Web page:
Saturday, June 9, 2018

The High Price of Stale Grievances. By John Hinderaker

The High Price of Stale Grievances. By John Hinderaker
Excerpt: That is the title of this essay by Columbia undergraduate Coleman Hughes. The piece is quite brilliant. More than that, Hughes must be one of America’s bravest young men.
Hughes’s subject is the double standard that is so often applied in favor of African-Americans. He begins with an anecdote about being selected to back the singer Rihanna on the MTV Video Music Awards. Several of his friends were chosen as well, but one of them, a “white Hispanic,” was then discharged because the “artistic team had decided to go for an all-black aesthetic.”
One thing, however, is clear. If the races were reversed—if a black musician had been fired in order to achieve an all-white aesthetic—it would have made front page headlines. It would have been seen as an unambiguous moral infraction. ...Though the question seems na├»ve to some, it is in fact perfectly valid to ask why black people can get away with behavior that white people can’t. The progressive response to this question invariably contains some reference to history: blacks were taken from their homeland in chains, forced to work as chattel for 250 years, and then subjected to redlining, segregation, and lynchings for another century. In the face of such a brutal past, many would argue, it is simply ignorant to complain about what modern-day blacks can get away with.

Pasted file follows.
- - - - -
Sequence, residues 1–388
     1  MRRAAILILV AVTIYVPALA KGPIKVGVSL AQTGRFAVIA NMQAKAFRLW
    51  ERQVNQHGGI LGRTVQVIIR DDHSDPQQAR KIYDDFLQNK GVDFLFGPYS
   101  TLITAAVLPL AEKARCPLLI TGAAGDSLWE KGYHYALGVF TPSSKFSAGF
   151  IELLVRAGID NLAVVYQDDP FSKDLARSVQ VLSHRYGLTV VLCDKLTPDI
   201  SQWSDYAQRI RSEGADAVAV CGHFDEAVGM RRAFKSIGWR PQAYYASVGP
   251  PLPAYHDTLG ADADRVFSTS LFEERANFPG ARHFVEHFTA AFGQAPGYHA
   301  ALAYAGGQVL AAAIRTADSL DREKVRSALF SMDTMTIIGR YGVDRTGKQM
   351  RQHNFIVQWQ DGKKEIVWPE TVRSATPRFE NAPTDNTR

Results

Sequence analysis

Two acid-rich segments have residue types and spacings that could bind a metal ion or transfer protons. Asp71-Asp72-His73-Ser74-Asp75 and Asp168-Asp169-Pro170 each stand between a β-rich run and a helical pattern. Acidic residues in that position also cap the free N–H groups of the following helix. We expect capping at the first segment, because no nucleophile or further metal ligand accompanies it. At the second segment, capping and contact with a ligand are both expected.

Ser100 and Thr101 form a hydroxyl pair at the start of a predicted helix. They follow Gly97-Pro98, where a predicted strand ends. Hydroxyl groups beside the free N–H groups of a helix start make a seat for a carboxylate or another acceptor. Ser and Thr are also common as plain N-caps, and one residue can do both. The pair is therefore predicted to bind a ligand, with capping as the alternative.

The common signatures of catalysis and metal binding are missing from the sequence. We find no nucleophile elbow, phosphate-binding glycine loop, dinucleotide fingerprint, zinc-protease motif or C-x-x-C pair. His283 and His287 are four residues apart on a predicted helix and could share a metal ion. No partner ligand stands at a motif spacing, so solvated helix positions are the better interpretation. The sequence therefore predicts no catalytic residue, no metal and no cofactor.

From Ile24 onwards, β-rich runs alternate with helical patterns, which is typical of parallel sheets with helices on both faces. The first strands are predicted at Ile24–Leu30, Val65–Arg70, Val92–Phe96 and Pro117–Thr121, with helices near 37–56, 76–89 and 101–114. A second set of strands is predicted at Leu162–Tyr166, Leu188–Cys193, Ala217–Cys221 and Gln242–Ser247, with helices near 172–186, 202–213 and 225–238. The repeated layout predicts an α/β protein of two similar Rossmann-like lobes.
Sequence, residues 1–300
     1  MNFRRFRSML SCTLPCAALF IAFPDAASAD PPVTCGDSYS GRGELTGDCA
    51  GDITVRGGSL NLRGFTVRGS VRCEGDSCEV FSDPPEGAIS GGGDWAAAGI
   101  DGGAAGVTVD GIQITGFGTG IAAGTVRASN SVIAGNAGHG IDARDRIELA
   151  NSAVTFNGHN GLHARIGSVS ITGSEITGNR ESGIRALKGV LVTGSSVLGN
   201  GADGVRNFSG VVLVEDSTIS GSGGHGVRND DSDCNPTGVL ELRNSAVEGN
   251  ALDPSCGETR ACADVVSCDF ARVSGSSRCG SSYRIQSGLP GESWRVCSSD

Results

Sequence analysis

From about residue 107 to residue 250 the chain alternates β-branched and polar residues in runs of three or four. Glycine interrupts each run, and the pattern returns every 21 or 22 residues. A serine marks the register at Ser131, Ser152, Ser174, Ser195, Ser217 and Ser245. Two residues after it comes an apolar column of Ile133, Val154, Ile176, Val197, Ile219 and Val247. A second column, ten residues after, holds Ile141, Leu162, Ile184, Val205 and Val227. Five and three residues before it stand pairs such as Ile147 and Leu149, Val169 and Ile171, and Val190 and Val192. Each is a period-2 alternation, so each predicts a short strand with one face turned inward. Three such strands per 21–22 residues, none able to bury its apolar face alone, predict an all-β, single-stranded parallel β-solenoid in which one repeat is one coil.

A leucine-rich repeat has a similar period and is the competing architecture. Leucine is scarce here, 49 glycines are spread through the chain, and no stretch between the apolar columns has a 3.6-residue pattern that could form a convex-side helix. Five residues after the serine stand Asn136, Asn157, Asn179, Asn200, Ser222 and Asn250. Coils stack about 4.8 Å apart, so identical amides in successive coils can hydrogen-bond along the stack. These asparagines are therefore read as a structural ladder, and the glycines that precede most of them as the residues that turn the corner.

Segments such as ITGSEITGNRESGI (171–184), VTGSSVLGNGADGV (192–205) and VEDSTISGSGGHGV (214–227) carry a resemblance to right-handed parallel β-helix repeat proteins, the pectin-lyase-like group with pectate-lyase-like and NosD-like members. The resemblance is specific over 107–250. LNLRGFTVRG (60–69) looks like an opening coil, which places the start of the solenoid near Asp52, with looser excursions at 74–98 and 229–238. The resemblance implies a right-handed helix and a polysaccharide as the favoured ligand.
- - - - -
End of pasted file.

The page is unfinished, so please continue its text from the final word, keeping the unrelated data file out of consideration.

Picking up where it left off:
Yet there we were—young black men born decades after anything that could rightly be called ‘oppression’ had ended—benefitting from a social license bequeathed to us by a history that we have only experienced through textbooks and folklore. And my white Hispanic friend (who could have had a tougher life than all of us, for all I know) paid the price. The underlying logic of using the past to justify racial double-standards in the present is rarely interrogated. What do slavery and Jim Crow have to do with modern-day blacks, who experienced neither? Do all black people have P.T.S.D from racism, as the Grammy and Emmy award-winning artist Donald Glover recently claimed? Is ancestral suffering actually transmitted to descendants? If so, how? What exactly are historical ‘ties’ made of?
Hughes goes on to describe less benign instances of what can fairly be described as black racism from writers Michael Eric Dyson and Ta-Nehisi Coates, who exemplify “the lower ethical standard to which black writers are held.” Unfortunately, the problem doesn’t end with would-be intellectuals:
By itself, the fact that black progressives like Dyson and Coates play by a different set of rules would not amount to a great societal injustice. But the biases of the chattering classes don’t stay put; they seep out into the general populace, setting the boundaries of polite conversation, and coloring the political landscape in which laws are crafted.
(This is the kind of thing that lets hope spring anew for me. That we have a man like this is such a tremendous encouragement and affirmation, it really, really makes my day. But now we all have to hope he survives the guaranteed avalanche of criticism and personal attacks that will be coming his way. BTW, I looked up and read his entire essay, it's just beyond outstanding. --Del)

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